Stop Ignoring This
Here are my closest friends who I see five days a week and they’re pulling up their eyes and saying ‘ching chong’ to my face and laughing. Was it my appearance?”
Racism against asians is something that hasn’t really been addressed or talked about until more recently. I never thought it was a problem because subtle racism was around me all the time so i just thought it was normal. When asked to write about this topic, i was really excited to speak up about it but was also met with imposter syndrome because my experience hasn’t been as bad as a lot of the other asians around me. I didn’t feel like i was good enough to write about it and that there were plenty of other people more qualified to talk about this, but that’s when it hit me that my experience of the subtle racism is exactly what we need to be talking about. Most people know that it’s wrong to go out and kill people, that’s just common sense. It’s the everyday jokes, the pulling of the outside corners of the eyes, and the stereotypes where the real damage begins. It’s when we get used to the small things that the bigger things don’t seem as bad. I was born in the United States to a Japanese mother and an American father. I grew up speaking both languages simultaneously and was very blessed to grow up in a safe environment. I was homeschooled up until I graduated high school so I never really experienced any negativity around my race, however, I do have two older sisters who went to a public high school and were met with bullying. I remember hearing about that and not fully understanding what that meant until I was older. Because I was homeschooled, most of my socializing came from gymnastics practice. I started when I was five so I was really close to my teammates and that’s where it all started. There was never any outright bullying, we were all friends and I felt very safe around them, but that’s why it was so confusing. Here are my closest friends who I see five days a week and they’re pulling up their eyes and saying “ching chong” to my face and laughing. Was it my appearance? Being very young, I had no idea what this all meant but I was old enough to know that it had something to do with how I looked. Was my appearance funny looking to them? Was it because I didn’t have blonde hair and blue eyes? Was it the fact that I would bring rice balls for a snack and tea to drink during practice? That was the first moment I felt different from my teammates and that was when it hit me that I was the only Asian on the team. This was the first time I learned to laugh with them even though they were laughing at me. Learning to become complacent starts at a young age. Something else I started to feel and realize as I became older is how fetishized Asian women are. This is something I don’t see being talked about very often but we all know it’s true, in particular Japanese women. It’s that obedient, submissive stereotype that we as Japanese women have that makes us a very easy target for predators and abusers. I have been asked out by multiple men solely based on my race, as if everything that makes me like my personality, doesn’t even matter because they just want a quiet, submissive girlfriend or wife that’ll do anything they say and will please their fragile male ego. Too bad for them I was born an Aries so I have no idea what it means to be obedient. It blows my mind that some men will come here to Japan, where I currently live, to find themselves a wife, and the thing is that it’s super easy for them because I also know so many Japanese girls who will date any foreigner and it’s just a recipe for disaster. But this brings me to my next point; the stereotypes of Asian men. Asian men are not wanted anywhere because they are known as feminine and slim, not assertive, or have small packages. They do not fit the “masculine” stereotype of the west. A male coworker of mine asked me once about what country he could go to where Japanese men are accepted and I couldn’t think of a single place. Asian men and women are not taken seriously, we are in the background of society, often exploited because of our natural submissive nature and the fact that we are “good at everything”.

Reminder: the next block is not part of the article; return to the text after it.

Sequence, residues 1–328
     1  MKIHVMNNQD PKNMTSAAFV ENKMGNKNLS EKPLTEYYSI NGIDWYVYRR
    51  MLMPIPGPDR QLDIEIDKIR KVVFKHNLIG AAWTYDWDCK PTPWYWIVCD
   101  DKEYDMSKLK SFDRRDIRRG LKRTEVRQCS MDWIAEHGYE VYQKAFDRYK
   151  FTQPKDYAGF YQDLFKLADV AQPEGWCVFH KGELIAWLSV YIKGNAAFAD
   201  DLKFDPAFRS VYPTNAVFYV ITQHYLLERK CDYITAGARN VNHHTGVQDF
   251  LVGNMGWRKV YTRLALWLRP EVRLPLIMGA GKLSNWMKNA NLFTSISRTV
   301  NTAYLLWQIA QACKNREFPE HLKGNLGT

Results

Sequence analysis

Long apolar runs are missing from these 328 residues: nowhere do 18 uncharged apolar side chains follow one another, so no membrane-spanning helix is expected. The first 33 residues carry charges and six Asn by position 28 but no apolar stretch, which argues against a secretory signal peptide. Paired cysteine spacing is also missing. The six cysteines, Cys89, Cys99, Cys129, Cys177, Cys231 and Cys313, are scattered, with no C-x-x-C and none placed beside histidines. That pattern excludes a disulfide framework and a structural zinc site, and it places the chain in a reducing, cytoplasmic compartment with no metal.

This is the next harmful stereotype I want to address. I know it doesn’t seem harmful at first glance but think about the damage it can do to the Asians who aren’t good at math or science or don’t want to become doctors when they grow up. I am an Asian who hates math and I am very bad at it. I remember in college talking to a couple of classmates about how difficult math was for me and it was so easily dismissed and I wasn’t validated at all because I was Asian. “What are you talking about, you’re Asian, it’s easy for you”. It made me feel even worse because now I’m bringing down the Asian race by not being good at something and I genuinely felt like a disappointment at the time. The other side to this stereotype is that when we as Asians do accomplish something great, it’s immediately brushed off and not celebrated. “Of course they could do that, they’re Asian so it’s easy to them, they can do anything,” completely disregarding all of the hard work the individual put into their craft. The great accomplishments of Asians deserve to be recognized just as much as anyone else’s because we are all human and we all work hard. But the worst part about racism against Asians is the fact that when we do speak up, it’s often met with “what about the other people of color who have it so much worse than you?” It’s just another dismissal. I hope you’re starting to see the pattern here. We are rarely validated and our struggles are always undermined. Just because we aren’t a target for violence doesn’t mean we don’t exist. Not being seen and being neglected can be just as bad because our souls are dying. We don’t feel good enough to be a part of this society even though we’ve given our country everything. We are also discouraged from speaking out about these issues from our own race because confrontation isn’t a part of Asian values. Even if it means sacrificing ourselves, we are to maintain harmony with those around us, and that is a big reason why I think it’s taken us so long to finally rise up and speak up. To my Asian brothers and sisters, you are important and you are seen. Your struggles are just as valid and no one should have to go through the neglect that we go through and see in this society today. You are strong and you can speak up and speak out about any discrimination that happens against you. Society changes when we take action. We can stand together. To anyone else reading this, please be kind. We are all human regardless of upbringing and skin color. We all feel the same emotions and we just want to feel safe. I know it can seem like we really have to watch what we say nowadays but it’s true. If we know our words and our jokes are hurting our fellow human beings, why would we continue to say them? Point out any injustices you see and stand by your fellow people. We are all the same. Spread love and kindness, it’s what the world needs the most now.